Registration Speed Benchmarking
we compared the performance time of the most commonly used registration methods (Expert Automated, BRAINSfit, FastAffine, Fast BSpline) and parameters (sample points, similarity metric, histogram bins, iteration limit) Both absolute time measures and relative scores are shown. Note that the absolute metric can vary greatly depending on computer architecture, operating system, amount of memory etc. Absolute metrics are therefore given only as reference. But you should be able to extract an estimate of how total computation time is likely to change when you change a particular parameter.
The test computer was a linux cluster node running a 64-bit version of Slicer 3.6
Fig.1 right: absolute computation time vs. iteration limit and sample points. The tertian limit does not increase computation time if the optimization converges to a (local) optimum, which is often the case.The number of sample points, however, has a direct effect on computation time. Time increments are modest as long as memory and CPU architecture allow some form of parallelization. Once that capacity is exhausted computation time begins to increase noticeably. For the test machine (specs see above) this happened around 10,000 pints for the BSpline method, and 100,000 points for the BRAINSfit and Expert Automated modules.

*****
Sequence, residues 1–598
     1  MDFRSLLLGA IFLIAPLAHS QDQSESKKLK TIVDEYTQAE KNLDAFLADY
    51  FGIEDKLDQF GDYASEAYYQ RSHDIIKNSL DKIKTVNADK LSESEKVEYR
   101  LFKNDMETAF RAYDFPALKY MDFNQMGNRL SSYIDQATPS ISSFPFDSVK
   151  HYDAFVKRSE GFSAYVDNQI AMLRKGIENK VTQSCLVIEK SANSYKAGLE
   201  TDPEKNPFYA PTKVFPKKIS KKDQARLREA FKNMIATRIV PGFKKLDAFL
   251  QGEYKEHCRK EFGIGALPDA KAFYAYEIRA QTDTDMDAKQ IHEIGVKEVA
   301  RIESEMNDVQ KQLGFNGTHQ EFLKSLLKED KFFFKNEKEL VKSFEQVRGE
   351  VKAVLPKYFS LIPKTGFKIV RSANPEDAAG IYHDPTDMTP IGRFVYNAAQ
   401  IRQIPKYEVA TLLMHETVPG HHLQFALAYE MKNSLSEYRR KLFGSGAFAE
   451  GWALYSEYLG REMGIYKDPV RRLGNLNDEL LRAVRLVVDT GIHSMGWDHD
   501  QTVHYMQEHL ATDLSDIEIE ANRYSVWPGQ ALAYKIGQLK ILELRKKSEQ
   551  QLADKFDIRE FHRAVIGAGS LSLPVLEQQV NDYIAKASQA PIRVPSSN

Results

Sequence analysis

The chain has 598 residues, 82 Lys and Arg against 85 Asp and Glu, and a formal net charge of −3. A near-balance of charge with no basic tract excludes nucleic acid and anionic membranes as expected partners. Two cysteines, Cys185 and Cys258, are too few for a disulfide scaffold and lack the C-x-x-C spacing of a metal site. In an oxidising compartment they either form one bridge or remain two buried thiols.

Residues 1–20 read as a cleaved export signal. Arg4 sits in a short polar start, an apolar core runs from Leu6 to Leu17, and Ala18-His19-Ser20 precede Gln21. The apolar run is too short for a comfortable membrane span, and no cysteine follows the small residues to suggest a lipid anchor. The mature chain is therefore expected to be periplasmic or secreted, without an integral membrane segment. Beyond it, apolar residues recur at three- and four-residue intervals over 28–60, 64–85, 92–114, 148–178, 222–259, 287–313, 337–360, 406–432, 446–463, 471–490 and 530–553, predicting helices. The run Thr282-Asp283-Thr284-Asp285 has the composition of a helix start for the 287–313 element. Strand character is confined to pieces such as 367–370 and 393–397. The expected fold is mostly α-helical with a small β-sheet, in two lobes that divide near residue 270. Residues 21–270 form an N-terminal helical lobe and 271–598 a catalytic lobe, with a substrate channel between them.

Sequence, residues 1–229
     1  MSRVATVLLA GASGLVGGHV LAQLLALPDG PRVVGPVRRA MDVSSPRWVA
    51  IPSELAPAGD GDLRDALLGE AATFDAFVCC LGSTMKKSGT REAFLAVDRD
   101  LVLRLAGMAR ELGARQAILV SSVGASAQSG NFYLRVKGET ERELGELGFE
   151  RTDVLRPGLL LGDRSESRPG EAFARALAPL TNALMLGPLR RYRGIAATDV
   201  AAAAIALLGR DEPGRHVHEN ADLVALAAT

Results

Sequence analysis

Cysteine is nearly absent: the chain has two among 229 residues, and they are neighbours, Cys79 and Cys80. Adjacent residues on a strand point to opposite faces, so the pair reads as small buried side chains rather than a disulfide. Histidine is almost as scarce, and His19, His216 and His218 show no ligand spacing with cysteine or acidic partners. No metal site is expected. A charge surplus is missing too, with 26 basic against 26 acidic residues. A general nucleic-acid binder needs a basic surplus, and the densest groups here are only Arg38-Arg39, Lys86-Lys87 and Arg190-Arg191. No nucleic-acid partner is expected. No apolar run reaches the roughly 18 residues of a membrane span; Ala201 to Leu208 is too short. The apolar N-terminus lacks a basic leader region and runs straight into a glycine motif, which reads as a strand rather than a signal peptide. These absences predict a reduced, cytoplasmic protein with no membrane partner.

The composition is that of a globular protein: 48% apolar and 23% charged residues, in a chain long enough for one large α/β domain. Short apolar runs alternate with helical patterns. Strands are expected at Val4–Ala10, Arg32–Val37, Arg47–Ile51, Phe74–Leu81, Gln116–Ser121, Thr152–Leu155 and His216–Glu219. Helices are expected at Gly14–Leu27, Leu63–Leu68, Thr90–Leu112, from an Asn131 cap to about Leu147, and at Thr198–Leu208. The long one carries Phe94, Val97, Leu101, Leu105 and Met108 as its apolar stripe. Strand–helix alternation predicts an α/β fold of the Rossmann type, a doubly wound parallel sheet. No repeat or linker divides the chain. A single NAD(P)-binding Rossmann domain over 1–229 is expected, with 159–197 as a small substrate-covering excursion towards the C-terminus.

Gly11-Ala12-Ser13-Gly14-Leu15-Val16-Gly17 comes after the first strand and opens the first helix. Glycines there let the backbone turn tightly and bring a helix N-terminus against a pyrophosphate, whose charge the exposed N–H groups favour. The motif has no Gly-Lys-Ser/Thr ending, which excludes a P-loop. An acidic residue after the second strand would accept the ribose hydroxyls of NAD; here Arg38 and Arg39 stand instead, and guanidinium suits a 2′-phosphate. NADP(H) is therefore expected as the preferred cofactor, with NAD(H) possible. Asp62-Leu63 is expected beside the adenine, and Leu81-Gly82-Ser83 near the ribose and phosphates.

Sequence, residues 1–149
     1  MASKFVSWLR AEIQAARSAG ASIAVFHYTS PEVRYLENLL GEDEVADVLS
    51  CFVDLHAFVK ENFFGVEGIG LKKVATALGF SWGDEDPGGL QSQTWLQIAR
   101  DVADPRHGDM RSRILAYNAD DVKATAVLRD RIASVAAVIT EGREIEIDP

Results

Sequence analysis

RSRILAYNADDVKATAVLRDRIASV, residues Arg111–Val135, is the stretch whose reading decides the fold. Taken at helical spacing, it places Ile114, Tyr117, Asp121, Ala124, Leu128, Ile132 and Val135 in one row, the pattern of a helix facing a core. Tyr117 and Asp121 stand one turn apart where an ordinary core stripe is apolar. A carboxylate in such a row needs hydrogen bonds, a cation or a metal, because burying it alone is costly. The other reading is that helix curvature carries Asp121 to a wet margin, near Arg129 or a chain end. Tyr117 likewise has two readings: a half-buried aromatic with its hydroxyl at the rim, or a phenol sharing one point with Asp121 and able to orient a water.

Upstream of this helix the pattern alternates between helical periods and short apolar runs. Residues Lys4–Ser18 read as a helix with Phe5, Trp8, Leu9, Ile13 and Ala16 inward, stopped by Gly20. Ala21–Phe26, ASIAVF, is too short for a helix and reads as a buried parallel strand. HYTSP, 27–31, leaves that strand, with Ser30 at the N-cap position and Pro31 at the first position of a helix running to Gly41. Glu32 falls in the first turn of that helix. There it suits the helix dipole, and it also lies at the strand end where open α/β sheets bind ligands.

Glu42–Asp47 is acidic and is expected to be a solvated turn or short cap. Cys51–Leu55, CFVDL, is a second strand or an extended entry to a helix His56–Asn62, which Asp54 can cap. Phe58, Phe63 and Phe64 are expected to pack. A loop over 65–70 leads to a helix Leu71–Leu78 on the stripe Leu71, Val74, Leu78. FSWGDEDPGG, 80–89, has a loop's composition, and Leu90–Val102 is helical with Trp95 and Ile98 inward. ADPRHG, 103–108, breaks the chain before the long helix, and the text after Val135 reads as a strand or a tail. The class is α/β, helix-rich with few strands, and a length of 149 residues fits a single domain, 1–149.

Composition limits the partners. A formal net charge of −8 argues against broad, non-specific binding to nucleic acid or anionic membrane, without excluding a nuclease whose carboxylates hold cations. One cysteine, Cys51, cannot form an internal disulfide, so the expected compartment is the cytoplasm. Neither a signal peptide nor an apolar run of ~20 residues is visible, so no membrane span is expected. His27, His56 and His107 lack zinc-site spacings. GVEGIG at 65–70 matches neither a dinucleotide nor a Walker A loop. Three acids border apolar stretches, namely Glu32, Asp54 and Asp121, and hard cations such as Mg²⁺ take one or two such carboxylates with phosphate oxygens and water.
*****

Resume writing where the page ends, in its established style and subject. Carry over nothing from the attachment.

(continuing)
For estimates on how absolute sample points relate to average 3D image sizes, see the FAQ here.(also copy text)
Also note that the effect of sample points on registration accuracy depends critically on the DOF used. For a linear (rigid, similarity,affine) registration, all points contribute to a single global cost. For nonrigid BSpline registration, however, each point of the BSpline grid moves independently, and the quality of the cost functions depends on how many sample points fall within each grid cube element. So for guidance on choosing sample points for BSpline, consider this rule of thumb: 1. Estimate the distance between relevant corresponding features/landmarks (e.g. edges) that you wish to align. E.g. hover the mouse over each feature in the fixed and moving image and read the coordinates in mm, or use the ruler/measurement tool. 2. Estimate how much (what vole %) of the grid element contains the structure/feature of interest.